By LUCAS BARASA
Tuesday February 14, 2018
A man points at the place where the 1984 Wagalla massacre happened. The family of first Wajir Senator Noor Adan, who was killed during the massacre, has rekindled calls for justice. FILE PHOTO | NATION MEDIA GROUP
The family of first Wajir Senator Noor Adan, who was killed during the 1984 Wagalla massacre, has rekindled calls for justice.
As the country commemorates 34 years since the massacre took place, the family of Mr Noor alias Noor Ngamia, have called on the government to implement the Truth Justice and Reconciliation Commission (TJRC) report.
The Wagalla massacre which took place on February 10, 1984, started as an effort to disarm the ethnic Degodia clan following clan-related conflict in the region populated by Kenyan-Somalis.
Men were rounded up in military trucks and delivered to Wagalla airstrip.
With no food or water, they were beaten, tortured and some executed.
Witnesses claim that thousands of people were delivered to the airstrip, starved, ordered to strip naked and lie on the ground for days by security agents.
Though the government has put the number of the dead at 57, witnesses claim that 5,000 people were killed.
TJRC, which was set up to investigate human rights violations and other historical injustices, stated in its report that “close to 1,000” people were killed in the massacre.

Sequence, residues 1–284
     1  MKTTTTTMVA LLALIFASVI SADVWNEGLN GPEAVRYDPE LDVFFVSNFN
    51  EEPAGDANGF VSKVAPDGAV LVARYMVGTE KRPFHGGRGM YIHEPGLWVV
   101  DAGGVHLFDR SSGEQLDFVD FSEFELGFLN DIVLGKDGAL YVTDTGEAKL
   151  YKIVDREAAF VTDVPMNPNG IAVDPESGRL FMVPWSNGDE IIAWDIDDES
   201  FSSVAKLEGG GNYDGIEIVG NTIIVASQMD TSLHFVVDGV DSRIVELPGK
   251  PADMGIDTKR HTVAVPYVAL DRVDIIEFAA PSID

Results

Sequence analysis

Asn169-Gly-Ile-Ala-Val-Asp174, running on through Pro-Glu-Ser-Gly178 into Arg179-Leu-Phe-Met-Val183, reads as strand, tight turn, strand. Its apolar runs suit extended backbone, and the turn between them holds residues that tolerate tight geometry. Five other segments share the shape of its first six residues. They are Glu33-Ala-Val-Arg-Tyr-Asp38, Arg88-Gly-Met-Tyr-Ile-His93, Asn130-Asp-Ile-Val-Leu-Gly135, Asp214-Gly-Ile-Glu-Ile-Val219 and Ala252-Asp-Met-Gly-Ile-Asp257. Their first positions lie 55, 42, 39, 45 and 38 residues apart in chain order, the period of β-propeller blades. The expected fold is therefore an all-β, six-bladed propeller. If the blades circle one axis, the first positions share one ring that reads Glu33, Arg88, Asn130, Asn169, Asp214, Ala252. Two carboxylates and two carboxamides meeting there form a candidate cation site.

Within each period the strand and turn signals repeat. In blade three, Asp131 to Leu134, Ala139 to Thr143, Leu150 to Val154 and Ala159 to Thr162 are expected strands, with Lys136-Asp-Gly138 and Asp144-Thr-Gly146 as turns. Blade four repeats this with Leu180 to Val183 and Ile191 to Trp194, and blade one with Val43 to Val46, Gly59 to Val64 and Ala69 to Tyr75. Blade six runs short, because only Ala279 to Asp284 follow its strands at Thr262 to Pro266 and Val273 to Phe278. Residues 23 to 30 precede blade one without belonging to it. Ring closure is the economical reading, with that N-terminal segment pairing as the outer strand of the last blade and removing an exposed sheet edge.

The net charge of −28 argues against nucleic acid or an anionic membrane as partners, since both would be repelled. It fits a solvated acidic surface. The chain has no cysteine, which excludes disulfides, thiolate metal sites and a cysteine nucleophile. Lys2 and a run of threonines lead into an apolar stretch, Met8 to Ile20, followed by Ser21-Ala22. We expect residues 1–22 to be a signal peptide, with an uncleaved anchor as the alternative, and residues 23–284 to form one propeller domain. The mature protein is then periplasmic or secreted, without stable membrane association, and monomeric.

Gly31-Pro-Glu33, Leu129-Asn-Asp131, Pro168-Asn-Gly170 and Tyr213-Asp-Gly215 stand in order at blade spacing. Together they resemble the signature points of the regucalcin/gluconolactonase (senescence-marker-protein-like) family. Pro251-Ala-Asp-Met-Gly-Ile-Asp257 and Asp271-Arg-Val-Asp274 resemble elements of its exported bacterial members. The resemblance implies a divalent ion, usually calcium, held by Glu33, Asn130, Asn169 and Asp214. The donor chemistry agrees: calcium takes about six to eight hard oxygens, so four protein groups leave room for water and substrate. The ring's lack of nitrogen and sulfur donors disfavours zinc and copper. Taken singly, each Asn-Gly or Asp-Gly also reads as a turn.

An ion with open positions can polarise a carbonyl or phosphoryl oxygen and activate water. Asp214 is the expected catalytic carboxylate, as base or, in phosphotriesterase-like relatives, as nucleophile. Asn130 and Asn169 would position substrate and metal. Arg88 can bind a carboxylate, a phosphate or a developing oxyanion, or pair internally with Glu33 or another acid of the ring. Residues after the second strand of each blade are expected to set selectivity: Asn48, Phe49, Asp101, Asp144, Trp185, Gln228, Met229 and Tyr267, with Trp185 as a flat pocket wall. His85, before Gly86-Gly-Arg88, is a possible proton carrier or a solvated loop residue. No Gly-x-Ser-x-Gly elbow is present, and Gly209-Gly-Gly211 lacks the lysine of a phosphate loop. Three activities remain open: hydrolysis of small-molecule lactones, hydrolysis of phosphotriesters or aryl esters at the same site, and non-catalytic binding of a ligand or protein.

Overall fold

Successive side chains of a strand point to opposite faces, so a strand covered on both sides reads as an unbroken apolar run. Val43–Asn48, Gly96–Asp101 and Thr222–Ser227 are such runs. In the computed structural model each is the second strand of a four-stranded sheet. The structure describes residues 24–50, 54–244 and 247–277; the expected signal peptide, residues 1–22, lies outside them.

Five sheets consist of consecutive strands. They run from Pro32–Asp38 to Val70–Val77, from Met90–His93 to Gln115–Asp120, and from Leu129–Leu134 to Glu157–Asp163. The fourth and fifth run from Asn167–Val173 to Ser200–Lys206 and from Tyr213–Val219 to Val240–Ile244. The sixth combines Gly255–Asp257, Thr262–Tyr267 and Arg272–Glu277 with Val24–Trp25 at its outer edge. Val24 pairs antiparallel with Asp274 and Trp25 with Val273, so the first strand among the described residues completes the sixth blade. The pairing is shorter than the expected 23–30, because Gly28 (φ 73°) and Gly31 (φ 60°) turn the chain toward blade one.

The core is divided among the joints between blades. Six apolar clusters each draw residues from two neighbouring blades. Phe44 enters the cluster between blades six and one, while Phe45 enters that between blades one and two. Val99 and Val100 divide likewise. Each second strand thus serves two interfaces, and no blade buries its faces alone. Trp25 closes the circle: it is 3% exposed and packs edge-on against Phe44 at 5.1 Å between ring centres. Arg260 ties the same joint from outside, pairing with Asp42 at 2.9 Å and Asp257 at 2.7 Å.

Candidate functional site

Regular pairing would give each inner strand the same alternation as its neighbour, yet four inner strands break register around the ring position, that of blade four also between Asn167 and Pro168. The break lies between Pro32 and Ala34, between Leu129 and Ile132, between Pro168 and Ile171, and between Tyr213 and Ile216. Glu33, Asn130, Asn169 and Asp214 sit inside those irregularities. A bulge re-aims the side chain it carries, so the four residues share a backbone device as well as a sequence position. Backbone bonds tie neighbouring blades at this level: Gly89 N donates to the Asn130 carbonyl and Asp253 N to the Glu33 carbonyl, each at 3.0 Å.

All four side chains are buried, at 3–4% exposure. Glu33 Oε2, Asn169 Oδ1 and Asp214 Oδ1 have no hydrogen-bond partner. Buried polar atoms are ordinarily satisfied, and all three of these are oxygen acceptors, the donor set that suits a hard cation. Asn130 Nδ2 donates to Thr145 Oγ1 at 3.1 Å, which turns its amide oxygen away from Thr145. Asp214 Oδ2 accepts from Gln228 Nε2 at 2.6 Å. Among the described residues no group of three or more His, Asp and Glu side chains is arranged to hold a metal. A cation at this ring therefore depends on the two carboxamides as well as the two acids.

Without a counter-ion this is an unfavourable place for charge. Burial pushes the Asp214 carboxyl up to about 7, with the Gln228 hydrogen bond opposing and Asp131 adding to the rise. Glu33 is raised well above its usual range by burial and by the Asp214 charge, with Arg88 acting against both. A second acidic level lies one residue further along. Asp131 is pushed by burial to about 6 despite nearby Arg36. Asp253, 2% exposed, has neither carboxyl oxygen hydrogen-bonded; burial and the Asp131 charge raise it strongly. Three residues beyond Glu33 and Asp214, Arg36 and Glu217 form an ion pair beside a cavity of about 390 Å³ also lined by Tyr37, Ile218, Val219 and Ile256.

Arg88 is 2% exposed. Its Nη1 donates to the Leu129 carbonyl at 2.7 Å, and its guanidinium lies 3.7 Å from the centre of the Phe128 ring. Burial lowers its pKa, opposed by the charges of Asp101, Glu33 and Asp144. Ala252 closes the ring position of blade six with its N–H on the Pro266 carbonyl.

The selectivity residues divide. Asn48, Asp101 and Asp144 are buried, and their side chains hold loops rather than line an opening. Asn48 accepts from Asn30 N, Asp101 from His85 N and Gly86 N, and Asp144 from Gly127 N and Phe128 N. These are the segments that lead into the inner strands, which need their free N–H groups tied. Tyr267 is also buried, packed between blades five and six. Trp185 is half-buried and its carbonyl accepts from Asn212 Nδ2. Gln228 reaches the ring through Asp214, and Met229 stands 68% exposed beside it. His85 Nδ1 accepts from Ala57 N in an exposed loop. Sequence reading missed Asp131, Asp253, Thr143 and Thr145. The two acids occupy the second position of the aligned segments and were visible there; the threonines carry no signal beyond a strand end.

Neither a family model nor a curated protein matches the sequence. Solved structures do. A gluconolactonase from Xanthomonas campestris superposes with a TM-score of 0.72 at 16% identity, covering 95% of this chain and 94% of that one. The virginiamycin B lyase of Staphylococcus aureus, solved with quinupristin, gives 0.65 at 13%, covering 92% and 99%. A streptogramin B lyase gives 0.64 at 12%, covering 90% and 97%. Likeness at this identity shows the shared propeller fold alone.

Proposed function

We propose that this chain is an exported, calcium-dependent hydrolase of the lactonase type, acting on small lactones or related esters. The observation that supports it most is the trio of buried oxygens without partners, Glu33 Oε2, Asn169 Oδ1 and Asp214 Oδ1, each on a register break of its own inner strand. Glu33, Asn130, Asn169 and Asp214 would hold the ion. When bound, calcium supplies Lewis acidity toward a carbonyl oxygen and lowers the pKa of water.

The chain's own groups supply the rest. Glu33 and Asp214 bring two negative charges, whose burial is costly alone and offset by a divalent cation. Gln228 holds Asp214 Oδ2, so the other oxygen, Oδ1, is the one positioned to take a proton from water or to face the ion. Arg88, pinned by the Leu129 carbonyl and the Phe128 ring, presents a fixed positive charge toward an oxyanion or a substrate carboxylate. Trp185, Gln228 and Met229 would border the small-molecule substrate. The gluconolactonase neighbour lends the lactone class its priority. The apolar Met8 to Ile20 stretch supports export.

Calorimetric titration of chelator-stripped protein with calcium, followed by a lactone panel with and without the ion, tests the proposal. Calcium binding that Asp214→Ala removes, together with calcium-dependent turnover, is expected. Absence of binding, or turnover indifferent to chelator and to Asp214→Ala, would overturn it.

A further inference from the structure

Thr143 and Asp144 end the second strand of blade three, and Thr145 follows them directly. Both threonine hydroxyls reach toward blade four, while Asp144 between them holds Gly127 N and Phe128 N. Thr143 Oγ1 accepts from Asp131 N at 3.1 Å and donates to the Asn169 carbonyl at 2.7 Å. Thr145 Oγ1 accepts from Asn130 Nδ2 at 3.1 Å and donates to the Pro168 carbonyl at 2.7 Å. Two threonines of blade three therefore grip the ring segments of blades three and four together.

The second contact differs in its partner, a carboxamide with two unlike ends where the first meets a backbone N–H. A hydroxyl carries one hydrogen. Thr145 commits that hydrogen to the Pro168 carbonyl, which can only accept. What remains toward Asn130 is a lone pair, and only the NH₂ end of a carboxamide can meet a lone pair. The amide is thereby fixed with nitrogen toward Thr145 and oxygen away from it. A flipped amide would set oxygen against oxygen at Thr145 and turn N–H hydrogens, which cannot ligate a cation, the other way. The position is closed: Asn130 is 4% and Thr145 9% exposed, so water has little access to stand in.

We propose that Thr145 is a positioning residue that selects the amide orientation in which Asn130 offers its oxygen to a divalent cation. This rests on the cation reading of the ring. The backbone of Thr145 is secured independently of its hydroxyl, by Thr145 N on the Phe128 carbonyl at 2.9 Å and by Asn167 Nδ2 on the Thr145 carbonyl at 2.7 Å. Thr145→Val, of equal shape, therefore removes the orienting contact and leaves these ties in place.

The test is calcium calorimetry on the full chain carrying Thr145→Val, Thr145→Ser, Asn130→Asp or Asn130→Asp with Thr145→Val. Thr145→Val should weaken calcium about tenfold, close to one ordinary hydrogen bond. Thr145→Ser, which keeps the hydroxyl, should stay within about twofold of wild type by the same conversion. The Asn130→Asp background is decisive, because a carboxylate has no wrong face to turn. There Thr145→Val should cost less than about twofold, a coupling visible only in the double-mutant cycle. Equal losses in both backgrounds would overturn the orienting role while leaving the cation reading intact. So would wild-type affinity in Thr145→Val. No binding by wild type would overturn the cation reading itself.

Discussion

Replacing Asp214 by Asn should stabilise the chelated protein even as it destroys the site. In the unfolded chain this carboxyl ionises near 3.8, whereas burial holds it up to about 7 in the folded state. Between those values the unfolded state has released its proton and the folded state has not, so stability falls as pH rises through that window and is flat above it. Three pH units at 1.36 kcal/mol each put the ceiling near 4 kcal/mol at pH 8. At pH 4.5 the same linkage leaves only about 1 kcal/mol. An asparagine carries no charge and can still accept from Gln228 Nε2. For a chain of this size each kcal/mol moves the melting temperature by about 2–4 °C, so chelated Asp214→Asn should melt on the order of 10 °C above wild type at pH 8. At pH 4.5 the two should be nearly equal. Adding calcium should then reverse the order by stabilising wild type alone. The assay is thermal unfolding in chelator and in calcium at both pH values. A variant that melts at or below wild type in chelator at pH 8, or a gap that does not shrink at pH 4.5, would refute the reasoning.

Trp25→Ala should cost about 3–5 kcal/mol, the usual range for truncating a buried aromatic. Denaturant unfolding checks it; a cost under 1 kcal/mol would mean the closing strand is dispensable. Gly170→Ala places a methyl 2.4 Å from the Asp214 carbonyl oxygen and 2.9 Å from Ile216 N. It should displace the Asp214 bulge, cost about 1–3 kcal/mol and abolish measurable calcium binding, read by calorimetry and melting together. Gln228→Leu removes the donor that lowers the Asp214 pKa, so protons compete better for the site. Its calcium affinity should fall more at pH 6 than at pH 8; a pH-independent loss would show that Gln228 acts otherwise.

The former senator’s son, Mr Mohamed Noor, Monday said justice for his father and others killed during the massacre had become a pipedream 34 years later.
Mr Noor, who was nominated as senator by President Jomo Kenyatta in 1963 served until the Senate was scrapped.
He was then nominated as MP, a position he held until 1969.
He remained a vocal leader, championing for the rights of Wajir residents before his health deteriorated.
“My father was picked together with former councillor Mzee Qanyare Mohamed, a survivor, along Jogoo settlement and taken to Wagalla airstrip where people were shot, others maimed and buried in mass graves. To date, his remains have not been recovered,” Mr Mohamed said.
Mr Mohamed said he gets distressed when he recalls former Interior Security minister Justus ole Tipis speaking on Voice of Kenya on a Sunday morning in 1984 vehemently rubbishing the massacre, saying the government killed 57 members of the shifta gang.
“Was my father a senator and MP or a shifta?” he asked.
He said President Kenyatta should end the cry for justice “as my father and his father were close friends, by implementing the TJRC report”.
“I just want closure,” Mr Mohamed said, adding that his father never supported the secessionist agenda.
The former senator, Mr Mohamed said, preached against the calls by Mogadishu radio urging the Northern Frontier Districts to join Somalia.
Mr Mohamed said as a patriotic Kenyan, he hopes justice will one day be done and the future reshaped for his “children and many others who are suffering from the same ordeal.”